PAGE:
Iran turns summit to nuclear show

Iran turns summit to nuclear show

Iran turns summit to nuclear show

Iranian President Mahmoud Ahmadinejad tours an exhibition on laser technology in Tehran in 2010. Iran is set to open its three nuclear sites to high-profile foreign officials visiting country on the sidelines of a summit. AFP Photo

Iran has turned the non-aligned summit into a nuclear show, inviting the Egyptian president to its nuclear site Bushehr as the U.N. secretary-general will visit Natanz uranium enrichment facility, and also Tehran may allow participant diplomats to enter its controversial military site Parchin.

Iran may consider opening Parchin, a military site the International Atomic Energy Agency (IAEA) suspects has housed nuclear experiments, Deputy Foreign Minister Mohammad Mehdi Akhundzadeh was quoted as saying by state-owned news website. Access for diplomats from non-aligned nations to the Parchin base would be an attempt by Iran to show openness during this week’s Non-Aligned Movement (NAM) gathering in Tehran between Aug. 30 and 31, but it would certainly not satisfy U.N. demands, The Associated Press reported. U.N. nuclear inspectors have been pressing for wider access to Parchin, southeast of Tehran, to probe suspicions that Iran carried out explosive tests with possible nuclear trigger applications. A limited inspection carried out by the U.N. nuclear watchdog in 2005 found no proof of any nuclear weapons activity at Parchin. But according to information from an IAEA report in November 2011, it is believed the site has also been used for testing high explosives that could be used in nuclear weapons. Iran is keen to use the summit to gather support for “legitimate rights” to nuclear activities, which are the source of a showdown between it and the West. Iran’s two other bases, apart from Parchin, are also expected to have high profile visitors soon. U.N. Secretary-General Ban Ki-moon will visit Natanz uranium enrichment facility on the sidelines of the NAM summit.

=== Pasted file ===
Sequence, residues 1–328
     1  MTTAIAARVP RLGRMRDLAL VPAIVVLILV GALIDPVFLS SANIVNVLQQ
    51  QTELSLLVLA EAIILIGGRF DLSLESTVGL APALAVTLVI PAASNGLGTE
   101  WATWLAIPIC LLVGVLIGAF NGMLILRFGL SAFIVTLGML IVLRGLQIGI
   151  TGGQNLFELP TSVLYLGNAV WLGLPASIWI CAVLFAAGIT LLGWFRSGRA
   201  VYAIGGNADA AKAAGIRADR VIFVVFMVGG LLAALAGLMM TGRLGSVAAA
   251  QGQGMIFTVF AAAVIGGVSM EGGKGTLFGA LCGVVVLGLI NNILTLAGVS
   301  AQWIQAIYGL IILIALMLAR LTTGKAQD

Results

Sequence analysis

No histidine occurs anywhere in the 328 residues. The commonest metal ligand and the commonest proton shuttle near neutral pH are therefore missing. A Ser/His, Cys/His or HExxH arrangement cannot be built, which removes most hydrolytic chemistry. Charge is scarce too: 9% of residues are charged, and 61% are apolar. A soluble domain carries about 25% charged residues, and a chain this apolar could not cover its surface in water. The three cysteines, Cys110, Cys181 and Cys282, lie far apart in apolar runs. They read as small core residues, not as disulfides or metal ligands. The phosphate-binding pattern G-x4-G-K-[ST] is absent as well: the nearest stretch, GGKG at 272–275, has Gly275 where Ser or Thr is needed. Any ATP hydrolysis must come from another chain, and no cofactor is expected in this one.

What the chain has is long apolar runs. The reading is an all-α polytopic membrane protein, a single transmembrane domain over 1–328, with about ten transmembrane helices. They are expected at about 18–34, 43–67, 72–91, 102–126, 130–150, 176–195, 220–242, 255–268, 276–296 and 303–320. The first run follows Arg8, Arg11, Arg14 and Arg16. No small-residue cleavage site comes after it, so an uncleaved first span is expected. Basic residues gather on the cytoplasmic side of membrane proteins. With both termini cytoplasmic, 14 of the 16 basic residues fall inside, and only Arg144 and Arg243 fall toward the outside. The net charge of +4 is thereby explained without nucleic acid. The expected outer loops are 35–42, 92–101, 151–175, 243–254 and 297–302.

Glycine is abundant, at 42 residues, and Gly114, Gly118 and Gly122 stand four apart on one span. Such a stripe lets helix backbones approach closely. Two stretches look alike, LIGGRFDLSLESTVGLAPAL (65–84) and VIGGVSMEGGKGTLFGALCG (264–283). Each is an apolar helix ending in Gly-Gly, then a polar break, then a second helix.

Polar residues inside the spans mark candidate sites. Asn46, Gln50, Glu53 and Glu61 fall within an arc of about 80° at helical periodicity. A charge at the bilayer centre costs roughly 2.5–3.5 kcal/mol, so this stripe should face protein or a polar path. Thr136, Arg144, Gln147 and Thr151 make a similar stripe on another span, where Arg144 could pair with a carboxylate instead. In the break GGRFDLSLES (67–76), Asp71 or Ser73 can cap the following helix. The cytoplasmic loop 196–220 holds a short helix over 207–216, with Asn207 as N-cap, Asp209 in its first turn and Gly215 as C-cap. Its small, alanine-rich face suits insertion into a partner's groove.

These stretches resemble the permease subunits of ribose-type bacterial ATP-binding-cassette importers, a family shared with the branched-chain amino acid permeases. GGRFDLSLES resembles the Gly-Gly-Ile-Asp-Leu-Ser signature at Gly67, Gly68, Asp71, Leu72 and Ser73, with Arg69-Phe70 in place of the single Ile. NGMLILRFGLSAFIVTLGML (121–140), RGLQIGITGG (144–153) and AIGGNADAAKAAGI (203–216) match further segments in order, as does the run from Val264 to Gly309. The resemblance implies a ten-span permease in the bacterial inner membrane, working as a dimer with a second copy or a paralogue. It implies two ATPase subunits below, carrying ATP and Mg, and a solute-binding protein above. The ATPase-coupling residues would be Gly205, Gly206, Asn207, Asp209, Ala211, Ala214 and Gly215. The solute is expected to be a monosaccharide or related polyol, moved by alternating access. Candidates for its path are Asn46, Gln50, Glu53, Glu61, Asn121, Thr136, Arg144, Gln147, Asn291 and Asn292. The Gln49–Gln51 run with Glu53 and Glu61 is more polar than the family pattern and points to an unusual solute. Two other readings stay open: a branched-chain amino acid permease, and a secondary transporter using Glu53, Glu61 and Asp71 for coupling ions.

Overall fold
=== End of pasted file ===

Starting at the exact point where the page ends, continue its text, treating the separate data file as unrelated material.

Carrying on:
Akhundzadeh told Fars news agency that Ban “will visit Isfahan province during his stay in Iran,” while other sources said he would pay a visit to Natanz facility during his stay in Isfahan.

Ban to convey concerns at the summit

Ban, who is to participate in the summit as an observer, aims to “convey the clear concerns and expectations of the international community” on that and other issues, according to his spokesman.
Egyptian President Mohamed Morsi will visit Bushehr nuclear facilities, Mansour Haqiqatpour, a member of Iran’s Majlis Committee on National Security and Foreign Policy, said Aug. 26. Haqiqatpour also confirmed visits by the NAM heads of state to Natanz, Isfahan and Bushehr nuclear facilities, according to Iranian Press-TV.

Morsi’s presence in Iran will be notable because it will be the first by an Egyptian leader since diplomatic relations were broken in 1979, after Cairo hosted Iran’s toppled shah and signed a peace accord with Israel.

The NAM foreign ministers were yesterday to take over from their aides to finesse the details of the summit, which will bring together heads of state and government from more than 30 countries, according to organizers, Agence France-Presse reported.

NAM, a Cold War grouping founded in 1961, has 120 members representing most of the developing world and which see themselves as independent of the influence of Washington or Moscow.